The first few days were exciting. Sally’s inbox started pinging with ‘kisses’ (which is an expression of interest) almost straight away, and even though none of the potential suitors seemed quite right – and some sounded totally batshit crazy – it was still a good start. After a week or so, Sally started sending out her own kisses. Some resulted in a couple of emails being exchanged but nothing more, some weren’t responded to, and some were met with a ‘thanks but no thanks’ response. This is completely par for the course with online dating and far preferable to being strung along but…rejection sucks. There’s no getting around that. Still, Sally’s resilience was impressive and she kept plugging on.
Within a month or so, Sally worked up the courage to meet with a guy who she’d enjoyed email contact with. They had a perfectly pleasant coffee date and exchanged a few stilted text messages, but it soon fizzled out. It was actually a good, non-confrontational start. A warm-up. She met another three guys over the next few weeks – two of them didn’t go further than one date (again, no disasters, just no spark – but more on spark later), and the other one went really well. She continued to meet this guy and they were getting along famously, but he was never easy to get hold of. He had a super-busy job and played sport so time was an issue. This was hard, as Sally was really keen on him, and though the feeling seemed to be mutual initially, this guy didn’t have enough spare time to have the kind of relationship she was looking for. It took about a while for all this to play out, and Sally was crushed every time she sent a text that wasn’t responded to, or had dates cancelled that she’d been looking forward to.
It was gut-wrenching to witness. Sally had really gone out on a limb for this guy, and there’s nothing worse than watching those you love in pain, especially when they’re feeling rejected and let down. and Sally took her profile down for a while just to step away from it for a while. RSVP can be a bit of a beast – it’s hard not to check it compulsively if you’re keen to meet someone – and it certainly takes you on an emotional rollercoaster. That sounds melodramatic, but even if you’re a confident, secure person, the online dating environment can make you feel very vulnerable and exposed.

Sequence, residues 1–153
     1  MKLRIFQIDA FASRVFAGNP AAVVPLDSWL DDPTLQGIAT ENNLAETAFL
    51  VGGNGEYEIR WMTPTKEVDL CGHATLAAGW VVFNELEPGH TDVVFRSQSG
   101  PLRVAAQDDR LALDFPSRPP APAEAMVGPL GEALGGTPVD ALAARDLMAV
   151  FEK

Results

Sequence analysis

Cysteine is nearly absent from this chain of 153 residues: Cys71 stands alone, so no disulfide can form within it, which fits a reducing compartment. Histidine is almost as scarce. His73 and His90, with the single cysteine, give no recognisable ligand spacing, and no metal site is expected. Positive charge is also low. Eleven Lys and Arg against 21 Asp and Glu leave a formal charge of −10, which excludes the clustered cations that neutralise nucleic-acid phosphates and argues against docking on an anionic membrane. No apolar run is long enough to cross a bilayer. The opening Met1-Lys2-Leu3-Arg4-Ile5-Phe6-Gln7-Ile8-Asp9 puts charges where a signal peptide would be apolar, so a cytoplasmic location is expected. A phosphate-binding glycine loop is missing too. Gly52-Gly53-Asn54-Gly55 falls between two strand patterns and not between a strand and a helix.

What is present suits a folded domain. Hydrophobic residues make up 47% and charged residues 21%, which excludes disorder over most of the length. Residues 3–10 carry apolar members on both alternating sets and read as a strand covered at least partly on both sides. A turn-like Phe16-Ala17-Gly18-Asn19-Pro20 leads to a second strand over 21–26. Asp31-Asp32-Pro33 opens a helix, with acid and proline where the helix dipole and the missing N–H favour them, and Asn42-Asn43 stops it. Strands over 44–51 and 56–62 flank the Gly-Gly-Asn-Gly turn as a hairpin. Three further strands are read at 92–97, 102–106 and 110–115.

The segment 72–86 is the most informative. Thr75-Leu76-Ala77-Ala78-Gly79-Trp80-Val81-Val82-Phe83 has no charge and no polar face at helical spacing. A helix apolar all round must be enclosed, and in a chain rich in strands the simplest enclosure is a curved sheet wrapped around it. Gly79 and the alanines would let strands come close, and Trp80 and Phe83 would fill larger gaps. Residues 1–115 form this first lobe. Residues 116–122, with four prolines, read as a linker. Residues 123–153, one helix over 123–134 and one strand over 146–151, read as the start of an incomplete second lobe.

After Sally put her profile back up, she received contact from a nice-sounding guy – I’ll call him Sam – who didn’t really look like the type she’d normally go for. Still, the emailing went well and they set up a lunch date. Sally was lukewarm after meeting him. The date seemed to have gone well, but she didn’t think the spark was there. We got to talking about the whole spark thing, and decided that a first encounter doesn’t necessarily have to be filled with lust and desire. And weren’t the best relationships founded on mutual values and respect? This is not a euphemism for ‘Sam is ugly’. Far from it. Sally decided she’d sold the first date a bit short and agreed to a second. And a third. Before she knew it, she was spending every second or third night with Sam, as well as most weekends. Their attraction grew in a natural, easy way and they were soon in a Proper Relationship.
They’re still going strong, and it’s highly unlikely they would’ve met without RSVP. As for telling people how they met? Depends on the audience. Most people don’t see it as being any different to meeting someone through a friend or in a pub. And if you’re uncomfortable, you can just tell the pub story (how are they to know the pub was a virtual one?). The one thing I’m conscious of in sharing the update to this story is not wanting to sell a fairytale ending. Of course online dating isn’t going to work out for everyone. Sitting behind a computer does not make you immune to heartache and rejection. Sally went through a tough time and had to step away for a while. But what it does is increase your odds of meeting someone. There’s no guessing if someone’s looking for a relationship – everyone who’s there is looking for someone, and one quick click should tell you all you need to know before you make that initial contact. Beats scoping out a ring finger or having the awkward ‘I have a girlfriend’ conversation. And it worked for Sally.
Thanks again to everyone who responded to the Group Therapy post. You guys are AWESOME.